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Cat owners have less than 12 months to get their feline friend microchipped

Yes, we're DogCast Radio, but we love cats too!

We personally have three feline friends, and they're microchipped to give them the best chance of making it back home if they ever go missing.

From 2024 it will be mandatory to microchip your cat - let's make sure all cat owners know so that their cats are protected, and so they avoid a £500 fine.

Here's some info on the subject from the PDSA:

With an estimated 11 million pet cats currently living in the UK, it’s safe to say we are a nation of cat lovers. As of 10 June 2024, it will become law for all cat owners in England to have their feline friend microchipped, leaving millions up and down the country just 12 months to abide by the new law.

At present, 75% of cats across the UK are microchipped, leaving 25% of the population, nearly 3 million cats without a microchip.

By 10 June 2024, owners found without their cat microchipped will have just 21 days to have one implanted. After the 21 days, owners may then face a fine of up to £500.

The 2023 PDSA Animal Wellbeing (PAW) Report revealed that 67% of cat owners are unaware that the new legislation will mean that all cats in England must be microchipped.

PDSA Vet, Lynne James said: “Microchipping is a one off cost, which provides a lifetime of security for pet owners. We strongly recommend all cats are microchipped before they start going outside. Even if your cat prefers the indoor life, microchipping provides an extra safety net, should they manage to escape and become lost.”

Lynne shares her advice for the most frequently asked questions about microchipping:

Why microchip your cat?
Microchipping ensures any lost or stolen cats have the best chance of being reunited with their owners as quickly as possible. Microchips are implanted under your cat’s skin between the shoulder blades – it a very quick procedure that takes just a few seconds. The best part, a single microchip should last for your cat’s lifetime, so there’s no need to think about it again once it’s done.

How to get your cat microchipped?
Microchips can be implanted by vets, vet nurses and people who have been specially trained. Many vets will have appointments available to get your cat microchipped, but it’s important to plan ahead and book an appointment well in advance of June next year, as there may be a waiting list, or limited appointments.

When to get your cat microchipped?
Whilst there is no minimum age to have your cat microchipped, it is important to get it done before your cat goes outside for the first time. Younger cats are often microchipped at the same time as neutering, but for older pets, the procedure can usually be done in an appointment. The new legislation states that cats must be microchipped by 20 weeks of age.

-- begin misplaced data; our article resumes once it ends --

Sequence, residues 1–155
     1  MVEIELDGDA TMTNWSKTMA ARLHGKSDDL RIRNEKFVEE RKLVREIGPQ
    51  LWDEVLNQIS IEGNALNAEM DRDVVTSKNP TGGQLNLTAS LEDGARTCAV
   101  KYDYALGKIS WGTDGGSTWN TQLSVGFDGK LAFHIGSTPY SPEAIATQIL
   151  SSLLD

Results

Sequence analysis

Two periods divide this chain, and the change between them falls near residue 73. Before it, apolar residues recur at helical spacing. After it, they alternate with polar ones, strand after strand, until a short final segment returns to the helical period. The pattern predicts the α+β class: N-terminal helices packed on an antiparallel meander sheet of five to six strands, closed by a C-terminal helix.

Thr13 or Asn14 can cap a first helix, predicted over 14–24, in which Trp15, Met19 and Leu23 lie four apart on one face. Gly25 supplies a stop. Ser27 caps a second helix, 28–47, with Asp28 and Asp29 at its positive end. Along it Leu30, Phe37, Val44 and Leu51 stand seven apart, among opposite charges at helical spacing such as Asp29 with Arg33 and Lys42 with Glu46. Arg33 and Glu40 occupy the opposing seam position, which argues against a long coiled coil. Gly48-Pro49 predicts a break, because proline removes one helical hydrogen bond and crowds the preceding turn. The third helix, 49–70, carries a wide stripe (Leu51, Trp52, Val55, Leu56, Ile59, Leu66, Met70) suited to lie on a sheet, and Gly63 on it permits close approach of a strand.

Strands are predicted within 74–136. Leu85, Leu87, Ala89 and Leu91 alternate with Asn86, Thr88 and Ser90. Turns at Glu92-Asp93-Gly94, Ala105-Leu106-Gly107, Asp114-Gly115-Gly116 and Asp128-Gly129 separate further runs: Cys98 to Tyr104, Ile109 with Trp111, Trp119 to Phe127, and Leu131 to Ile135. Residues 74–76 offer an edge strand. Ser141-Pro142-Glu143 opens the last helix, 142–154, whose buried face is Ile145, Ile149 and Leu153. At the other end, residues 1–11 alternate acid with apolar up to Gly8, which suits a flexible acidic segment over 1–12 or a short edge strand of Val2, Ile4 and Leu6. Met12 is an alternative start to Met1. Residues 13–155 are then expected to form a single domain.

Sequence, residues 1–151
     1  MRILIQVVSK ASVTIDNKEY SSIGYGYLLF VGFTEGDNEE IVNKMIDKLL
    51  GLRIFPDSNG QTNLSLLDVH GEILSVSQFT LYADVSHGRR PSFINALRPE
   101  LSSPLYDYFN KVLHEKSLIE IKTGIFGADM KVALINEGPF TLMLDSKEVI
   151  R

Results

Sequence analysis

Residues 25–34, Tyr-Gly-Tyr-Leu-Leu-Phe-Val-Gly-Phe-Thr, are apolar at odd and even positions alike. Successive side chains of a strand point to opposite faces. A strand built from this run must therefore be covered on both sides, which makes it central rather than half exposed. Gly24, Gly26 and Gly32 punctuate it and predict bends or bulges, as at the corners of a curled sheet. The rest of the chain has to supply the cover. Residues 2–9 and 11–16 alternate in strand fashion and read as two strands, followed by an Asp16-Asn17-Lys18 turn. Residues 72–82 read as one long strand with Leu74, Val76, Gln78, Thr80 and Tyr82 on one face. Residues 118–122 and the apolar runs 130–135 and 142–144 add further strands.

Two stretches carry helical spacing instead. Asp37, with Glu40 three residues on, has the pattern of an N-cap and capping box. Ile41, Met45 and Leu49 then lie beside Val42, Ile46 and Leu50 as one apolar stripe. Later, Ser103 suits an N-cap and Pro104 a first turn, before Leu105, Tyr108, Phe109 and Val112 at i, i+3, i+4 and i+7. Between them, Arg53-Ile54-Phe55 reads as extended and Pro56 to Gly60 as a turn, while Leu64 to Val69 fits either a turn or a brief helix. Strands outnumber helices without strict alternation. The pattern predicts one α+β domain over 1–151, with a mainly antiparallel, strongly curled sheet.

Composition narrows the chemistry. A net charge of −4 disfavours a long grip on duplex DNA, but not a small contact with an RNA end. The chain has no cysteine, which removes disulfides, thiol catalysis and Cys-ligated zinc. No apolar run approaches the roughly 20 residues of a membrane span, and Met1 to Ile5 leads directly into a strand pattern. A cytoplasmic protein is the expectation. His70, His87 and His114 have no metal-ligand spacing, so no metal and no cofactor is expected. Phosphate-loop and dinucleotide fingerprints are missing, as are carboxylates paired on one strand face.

Will microchipping hurt my cat?
Like any injection, microchipping can cause a tiny amount of discomfort but fortunately it is a very quick procedure that just takes a few seconds. Most pets barely notice it and they can be easily distracted with a treat after the procedure.

What is the cost of microchipping a cat?
Costs do vary, but microchipping is usually around £10-£30 per pet. Some veterinary clinics and charities such as Cats Protection offer discounted microchipping schemes alongside neutering. It’s best to research what is available in your area to find the best option for you and your pet.

Do I need to microchip my indoor cat?
The legislation will apply to all pet cats in England. Even if your cat stays indoors, it’s a good idea to make sure they have a microchip, in case they ever manage to sneak out and get lost. It’s all too easy for a window or door to be accidentally left open, especially in the summer, and a microchip will help to ensure you can be reunited.

Lynne added: “It is really important that owners are aware of which database their pet’s microchip is registered to so they are able to keep their details up to date. Moving address or getting a new phone number are simple, but vital changes for the microchip database, should your cat become lost or stolen.

“In our latest PAW Report, 60% of veterinary professionals told us that they had experienced owners’ details not being up to date on microchip databases, which could make the difference between an owner being reunited with their pet or very sadly, not."

If your pet is already microchipped, you can check which database they are registered to on the Check A Chip website.

For more information about cat microchipping, please visit PDSA website.


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